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Local economy displays strength during inflation

Both Texarkana cities show year-over-year sales tax revenue gains by James Bright | March 26, 2022 at 10:00 p.m.
Texarkana has seen increased sales tax revenue over the last few months on both sides of the state line.

Editor's note: This is part 3 of a story exploring the impact of inflation on the local economy.

Expanding inflation increased prices in the retail sector over the past few months, and as wholesale costs went up, an unexpected benefactor may have emerged.

The cities of Texarkana, Texas, and Texarkana, Arkansas, saw 5.3% and 7.6% increases, respectively, in year-over-year total sales tax revenue in comparing January 2021 to January 2022. Additionally, Texarkana, Texas, saw a 12.9% increase in sales tax revenue from FY 2020 to 2021, while Texarkana, Arkansas, saw a 13.1% increase.

Texarkana, Texas, City Manager David Orr said these numbers show a local economy that can weather national trends.

"We still continue to see significant growth in our sales tax revenue indicating a strong local economy," he said. "Historically, Texarkana's economy has been stable and steady, both in times of strife and boom nationally. Because Texarkana is stable and steady, we don't always feel the sharp rises and falls that the rest of the country is feeling. We always keep a close eye on what is happening at the national level and budget conservatively to keep Texarkana in a good financial position."

Although the increases in tax revenue have been good for the city, Orr said the overall effect is still unknown.

"The most recent significant rise in inflation is still to be determined as far as impact. Our current sales tax revenue received from the state is a lagging indicator which is typically received two months after the sales tax period. For example, March's sales tax revenue is based on January consumer spending."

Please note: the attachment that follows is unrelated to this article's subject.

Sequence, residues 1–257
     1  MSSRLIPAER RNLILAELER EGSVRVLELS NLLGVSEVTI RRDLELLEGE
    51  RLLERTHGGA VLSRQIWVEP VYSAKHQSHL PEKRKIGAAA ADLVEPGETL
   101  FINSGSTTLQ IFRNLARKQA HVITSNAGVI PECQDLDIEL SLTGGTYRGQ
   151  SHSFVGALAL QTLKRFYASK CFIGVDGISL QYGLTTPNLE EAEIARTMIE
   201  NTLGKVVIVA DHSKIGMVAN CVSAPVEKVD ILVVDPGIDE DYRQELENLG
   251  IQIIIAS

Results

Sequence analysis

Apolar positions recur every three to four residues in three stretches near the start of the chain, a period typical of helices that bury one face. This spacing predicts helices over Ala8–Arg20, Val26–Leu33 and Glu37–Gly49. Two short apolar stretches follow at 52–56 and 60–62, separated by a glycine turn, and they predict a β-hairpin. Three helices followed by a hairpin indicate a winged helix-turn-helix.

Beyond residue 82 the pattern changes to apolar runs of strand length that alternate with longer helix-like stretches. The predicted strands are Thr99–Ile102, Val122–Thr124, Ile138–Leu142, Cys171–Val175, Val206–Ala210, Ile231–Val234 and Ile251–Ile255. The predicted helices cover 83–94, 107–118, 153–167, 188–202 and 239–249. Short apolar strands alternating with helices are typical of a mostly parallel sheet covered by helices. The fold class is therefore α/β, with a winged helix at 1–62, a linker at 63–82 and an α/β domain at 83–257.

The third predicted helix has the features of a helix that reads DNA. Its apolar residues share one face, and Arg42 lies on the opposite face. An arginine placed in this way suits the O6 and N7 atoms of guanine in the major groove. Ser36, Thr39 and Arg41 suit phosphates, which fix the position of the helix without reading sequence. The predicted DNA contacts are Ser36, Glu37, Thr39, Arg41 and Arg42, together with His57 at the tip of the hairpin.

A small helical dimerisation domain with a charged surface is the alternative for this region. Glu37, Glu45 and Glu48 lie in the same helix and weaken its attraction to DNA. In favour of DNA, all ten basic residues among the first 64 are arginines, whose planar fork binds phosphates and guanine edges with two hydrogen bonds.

Texarkana, Arkansas, City Manager Jay Ellington said he's not sure if inflation is directly responsible for the increased revenue.

"I have not had a chance to review and study where these new revenues are coming from. However, I welcome the increase to assist us in improving our existing services to the citizens," he said.

Businesses like Larry's Southern Garden have had to raise retail prices in order to keep up with wholesale costs. However, these price increases have not affected sales, according to owner Larry Nicholson.

"So every plant has gone up just a little bit, but it's almost like people just expect it, so it doesn't really bother them (his customers)," he said.

The price changes vary from product to product, according to Nicholson. He said a plant that cost $2.99 retail last year may cost $3.10 this year, while a box of sheet moss has increased from $44 retail to $65. Aside from those outliers, Nicholson said his cost increases have generally matched national trends and have not increased his profit margins.

"A $22 plant last year would retail this year at $25, so it's kind of gone up probably about 7%, but I think that's about the inflation rate right now," he said.

Orr said there is help available for struggling companies.

"Not only are our offices of economic development and community planning and development constantly looking for opportunities to provide support to our business community, but we recently partnered with the Northeast Texas Small Business Development Center and opened up a SBDC (small business development center) office here at City Hall," he said.

"We hope business owners, struggling or not, take advantage of the services we're providing for their benefit."

Print Headline: Local economy displays strength during inflation


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